World Day of Prayer – Friday 1st March

Broughty Ferry Service: in St Luke’s and Queen Street (5 West Queen Street, DD5 1AU) at 2 pm.

This year’s theme is “I beg you bear with one another”, using material from Christian women of Palestine.

(During my 17 years on Scottish WDP Committee, we frequently remarked on the relevance of the theme to current events, sometimes unexpectedly so – that relevance is particularly striking this year, Jenny)

Marking Lent in Broughty Ferry

  • Wednesdays to 10th April (inclusive) at 7.15 pm (for 7.30 pm) in the St Aidan’s Worship Centre, Brook Street. See poster below.
  • Thursdays, in St Mary’s SEC, from 10.30 am to 12 noon to 21st March (inclusive). Discussion of the Beatitudes from ’40 days of reflections on the Beatitudes’ (based on the Pilgrim Journeys by Steven Croft).

Debate Night studio audience


A message from BBC presenter, Stephen Jardine:


Debate Night is BBC Scotland’s political TV discussion show and we want the people of Scotland to have their say.

The programme is travelling across the country on Wednesday evenings, and we would love to meet locals at one of these locations:

Wednesday 28 Feb           DUNDEE

How do I apply for FREE studio tickets?

Visit and click ‘Apply to the Audience’.

Filling out the online application takes two minutes!  It’s also accessible via mobile or tablet.

If you would like to attend with somebody, please ask them to apply too. 

Why be part of the audience?

Debate Night is the only television programme of its kind in Scotland.  With a UK general election looming, there’s never been a better time to put your questions to the country’s decision-makers and public figures.

 We want people from all walks of life.  You might be a parent, a carer or a student?  Perhaps you run a business or are a frontline worker?  Retired, self-employed, unemployed or just starting out in the workplace – we need you.

It’s your questions, stories, experiences and opinions that lead our discussion – so we couldn’t do it without you!

Our panels are a great mix of people. Recent guests to join our politicians include authors Val McDermid and Alex Gray, musicians Ricky Ross and Pat Kane, columnists Hugo Rifkind, Jim Spence and Ayesha Hazarika, footballers Pat Nevin and Michael Stewart,comedians Jo Caulfield and Susie McCabe, Lord Sugar’s advisor Mike Soutar from BBC The Apprentice and former Dragons’ Den entrepreneur Piers Linney.

You can see previous episodes on the BBC iPlayer:

Know someone else who might be interested?

Help us spread the word by sharing this message with friends, family and colleagues.

Best wishes,

Stephen Jardine, host of Debate Night

Stephen Jardine, and the Debate Night Audience Team

Leadership matters

Rev’d Gill Newton, President of the Methodist Conference, shares this blog about the importance of leadership within the Church.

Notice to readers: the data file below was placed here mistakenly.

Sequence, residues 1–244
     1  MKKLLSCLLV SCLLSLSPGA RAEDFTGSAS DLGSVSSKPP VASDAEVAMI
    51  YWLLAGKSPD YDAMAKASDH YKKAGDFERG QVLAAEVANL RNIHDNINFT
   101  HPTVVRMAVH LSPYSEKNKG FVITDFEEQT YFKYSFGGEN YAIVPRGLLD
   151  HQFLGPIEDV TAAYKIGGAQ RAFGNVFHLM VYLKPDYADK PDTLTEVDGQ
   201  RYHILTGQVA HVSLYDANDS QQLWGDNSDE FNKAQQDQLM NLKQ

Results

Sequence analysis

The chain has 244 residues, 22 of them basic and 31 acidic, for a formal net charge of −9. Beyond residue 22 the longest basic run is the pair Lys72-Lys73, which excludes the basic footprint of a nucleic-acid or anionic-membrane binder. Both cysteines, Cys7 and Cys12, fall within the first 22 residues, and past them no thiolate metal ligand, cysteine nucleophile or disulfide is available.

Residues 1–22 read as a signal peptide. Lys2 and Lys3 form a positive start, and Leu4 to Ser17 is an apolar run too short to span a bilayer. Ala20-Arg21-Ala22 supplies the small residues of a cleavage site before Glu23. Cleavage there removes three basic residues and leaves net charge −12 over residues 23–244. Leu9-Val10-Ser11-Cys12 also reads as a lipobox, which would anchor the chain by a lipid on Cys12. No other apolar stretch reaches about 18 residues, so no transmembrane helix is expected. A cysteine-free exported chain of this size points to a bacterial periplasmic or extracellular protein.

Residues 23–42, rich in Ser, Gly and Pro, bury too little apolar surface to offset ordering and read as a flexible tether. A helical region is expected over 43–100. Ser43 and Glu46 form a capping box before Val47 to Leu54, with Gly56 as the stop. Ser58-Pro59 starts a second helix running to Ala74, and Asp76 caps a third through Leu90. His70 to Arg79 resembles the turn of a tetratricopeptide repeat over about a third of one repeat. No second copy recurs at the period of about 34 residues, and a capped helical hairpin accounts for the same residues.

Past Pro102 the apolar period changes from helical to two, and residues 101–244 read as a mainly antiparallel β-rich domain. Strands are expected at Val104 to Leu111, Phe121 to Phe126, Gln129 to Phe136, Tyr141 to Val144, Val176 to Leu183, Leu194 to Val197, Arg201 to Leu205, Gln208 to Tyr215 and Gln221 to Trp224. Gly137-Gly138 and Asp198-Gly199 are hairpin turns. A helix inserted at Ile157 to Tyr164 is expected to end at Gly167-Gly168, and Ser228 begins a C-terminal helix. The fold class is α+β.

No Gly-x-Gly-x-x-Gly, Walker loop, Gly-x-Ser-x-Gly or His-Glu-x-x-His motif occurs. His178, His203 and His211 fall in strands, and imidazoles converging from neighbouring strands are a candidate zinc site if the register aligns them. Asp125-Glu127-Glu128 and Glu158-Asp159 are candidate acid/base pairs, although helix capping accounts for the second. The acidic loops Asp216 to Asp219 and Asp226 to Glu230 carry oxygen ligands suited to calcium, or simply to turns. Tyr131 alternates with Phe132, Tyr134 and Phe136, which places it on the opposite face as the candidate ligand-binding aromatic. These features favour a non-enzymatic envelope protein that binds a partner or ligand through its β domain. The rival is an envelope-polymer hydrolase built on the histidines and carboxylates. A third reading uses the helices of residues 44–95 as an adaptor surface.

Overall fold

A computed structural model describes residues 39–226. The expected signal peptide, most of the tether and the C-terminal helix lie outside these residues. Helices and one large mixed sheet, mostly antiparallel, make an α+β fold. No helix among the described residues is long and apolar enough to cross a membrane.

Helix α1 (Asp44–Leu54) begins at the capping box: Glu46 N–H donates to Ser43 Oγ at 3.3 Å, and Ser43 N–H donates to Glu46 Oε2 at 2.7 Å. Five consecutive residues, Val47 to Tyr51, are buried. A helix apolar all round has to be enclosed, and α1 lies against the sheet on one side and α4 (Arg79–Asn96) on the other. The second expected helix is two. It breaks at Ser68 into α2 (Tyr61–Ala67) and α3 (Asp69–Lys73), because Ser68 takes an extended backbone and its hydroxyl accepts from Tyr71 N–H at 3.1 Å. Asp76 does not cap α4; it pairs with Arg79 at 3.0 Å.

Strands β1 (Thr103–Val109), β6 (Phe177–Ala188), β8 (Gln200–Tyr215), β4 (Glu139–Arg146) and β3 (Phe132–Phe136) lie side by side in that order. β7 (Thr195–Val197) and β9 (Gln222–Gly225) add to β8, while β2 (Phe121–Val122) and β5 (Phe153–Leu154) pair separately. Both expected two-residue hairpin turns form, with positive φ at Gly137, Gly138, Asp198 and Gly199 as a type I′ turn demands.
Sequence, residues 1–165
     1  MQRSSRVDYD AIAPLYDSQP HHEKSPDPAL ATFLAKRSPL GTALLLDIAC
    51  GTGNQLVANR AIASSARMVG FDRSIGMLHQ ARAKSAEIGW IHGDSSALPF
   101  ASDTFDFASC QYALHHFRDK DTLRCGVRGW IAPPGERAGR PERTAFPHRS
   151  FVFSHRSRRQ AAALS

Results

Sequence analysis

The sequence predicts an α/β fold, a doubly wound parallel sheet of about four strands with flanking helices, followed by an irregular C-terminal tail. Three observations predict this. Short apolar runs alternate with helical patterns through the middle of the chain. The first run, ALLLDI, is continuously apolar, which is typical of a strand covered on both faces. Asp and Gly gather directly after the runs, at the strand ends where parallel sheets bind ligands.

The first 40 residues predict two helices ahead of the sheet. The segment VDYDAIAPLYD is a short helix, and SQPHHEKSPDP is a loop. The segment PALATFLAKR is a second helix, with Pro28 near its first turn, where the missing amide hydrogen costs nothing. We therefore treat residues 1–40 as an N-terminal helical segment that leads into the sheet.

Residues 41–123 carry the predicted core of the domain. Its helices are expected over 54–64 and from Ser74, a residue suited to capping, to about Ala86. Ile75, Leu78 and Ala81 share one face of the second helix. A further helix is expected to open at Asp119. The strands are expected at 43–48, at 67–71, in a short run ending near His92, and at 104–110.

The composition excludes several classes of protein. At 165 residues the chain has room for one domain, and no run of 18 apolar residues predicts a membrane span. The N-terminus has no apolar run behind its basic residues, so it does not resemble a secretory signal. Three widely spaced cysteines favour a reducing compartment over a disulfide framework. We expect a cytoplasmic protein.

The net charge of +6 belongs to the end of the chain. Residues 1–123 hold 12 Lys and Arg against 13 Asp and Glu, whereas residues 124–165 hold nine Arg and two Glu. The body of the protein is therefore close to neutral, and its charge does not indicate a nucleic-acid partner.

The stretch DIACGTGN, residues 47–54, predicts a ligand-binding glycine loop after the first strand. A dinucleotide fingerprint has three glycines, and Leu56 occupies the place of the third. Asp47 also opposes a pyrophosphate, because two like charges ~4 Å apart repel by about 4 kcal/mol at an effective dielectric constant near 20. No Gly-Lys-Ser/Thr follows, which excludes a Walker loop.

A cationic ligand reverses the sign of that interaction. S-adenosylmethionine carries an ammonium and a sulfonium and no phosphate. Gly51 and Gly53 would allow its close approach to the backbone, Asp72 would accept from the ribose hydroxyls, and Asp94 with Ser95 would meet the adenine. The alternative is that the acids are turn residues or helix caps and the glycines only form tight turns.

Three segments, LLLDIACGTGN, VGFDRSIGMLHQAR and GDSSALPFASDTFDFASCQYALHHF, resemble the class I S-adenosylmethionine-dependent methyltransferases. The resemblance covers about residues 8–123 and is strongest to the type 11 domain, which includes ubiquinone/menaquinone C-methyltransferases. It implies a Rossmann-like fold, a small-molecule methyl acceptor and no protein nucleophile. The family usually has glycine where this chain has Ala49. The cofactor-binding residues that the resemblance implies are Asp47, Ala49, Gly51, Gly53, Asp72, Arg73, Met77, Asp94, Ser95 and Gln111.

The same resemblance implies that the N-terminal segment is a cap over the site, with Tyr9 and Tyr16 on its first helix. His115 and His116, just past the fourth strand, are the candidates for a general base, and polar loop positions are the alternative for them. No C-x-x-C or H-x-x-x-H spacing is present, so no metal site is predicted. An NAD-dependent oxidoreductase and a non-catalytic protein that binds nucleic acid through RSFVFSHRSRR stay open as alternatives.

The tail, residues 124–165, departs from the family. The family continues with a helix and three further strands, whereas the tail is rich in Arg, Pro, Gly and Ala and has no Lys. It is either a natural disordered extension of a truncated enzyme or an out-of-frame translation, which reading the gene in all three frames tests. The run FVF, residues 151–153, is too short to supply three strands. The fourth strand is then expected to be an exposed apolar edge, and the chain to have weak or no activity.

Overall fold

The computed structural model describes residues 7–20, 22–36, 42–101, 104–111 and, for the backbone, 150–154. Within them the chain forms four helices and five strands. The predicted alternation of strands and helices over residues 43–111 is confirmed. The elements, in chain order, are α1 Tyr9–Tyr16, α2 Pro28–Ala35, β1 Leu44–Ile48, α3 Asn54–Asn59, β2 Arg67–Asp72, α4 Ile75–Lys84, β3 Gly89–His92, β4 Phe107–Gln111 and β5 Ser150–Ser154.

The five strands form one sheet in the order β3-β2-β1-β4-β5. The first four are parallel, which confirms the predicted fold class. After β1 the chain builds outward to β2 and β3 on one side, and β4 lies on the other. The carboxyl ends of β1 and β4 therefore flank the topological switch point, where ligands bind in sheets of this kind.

The extent to which the style and quality of leadership offered in any group or organisation matters or makes a difference, is a question that has often been posed and discussed in the life of the Church over the years. Leadership is also a topic or even a word that we have shied away from using in the church on occasions, as if it was somehow a questionable attribute that we shouldn’t be looking for amongst those called to serve!

This has been at the forefront of my mind again recently, because of the experiences I’ve had on some of the visits made by me and the Vice President during the year so far. What we have seen, heard and encountered in various settings has reinforced and underlined what I have always believed. The leadership offered by deacons and presbyters and by lay people is both vital and valued. Leadership matters! How we lead matters! Who we are as leaders matters! The culture we create as leaders really matters!

We have found ourselves in gatherings of circuit or district staff, amongst members of the armed forces, at schools, universities and theological institutions, with ecumenical partners, at the Central Finance Board, at warm space gatherings, in the Houses of Parliament, at Church House, with partner organisations and amongst our own colleagues in districts and the Learning Network.

In each and every context, leadership is exercised, and cultures have developed. We have quickly sensed the various cultures as we have spent time in the company of those who have invited us to be amongst them. Sometimes that culture is obvious, at other times it is more subtle, but it is always significant and full of impact.

What have I noticed?

I’ve noticed and been reminded of several things as I have observed and engaged in conversation:

  • Listening is vital. Staff or group members feel far more committed to the organisation or project when their contribution, feedback or idea is heard, validated and valued.
  • Offering encouragement and acknowledging progress or success helps to boost morale.
  • Generating an environment where people feel able to admit mistakes or say they are struggling without fear, enables learning and development and ultimately improves performance.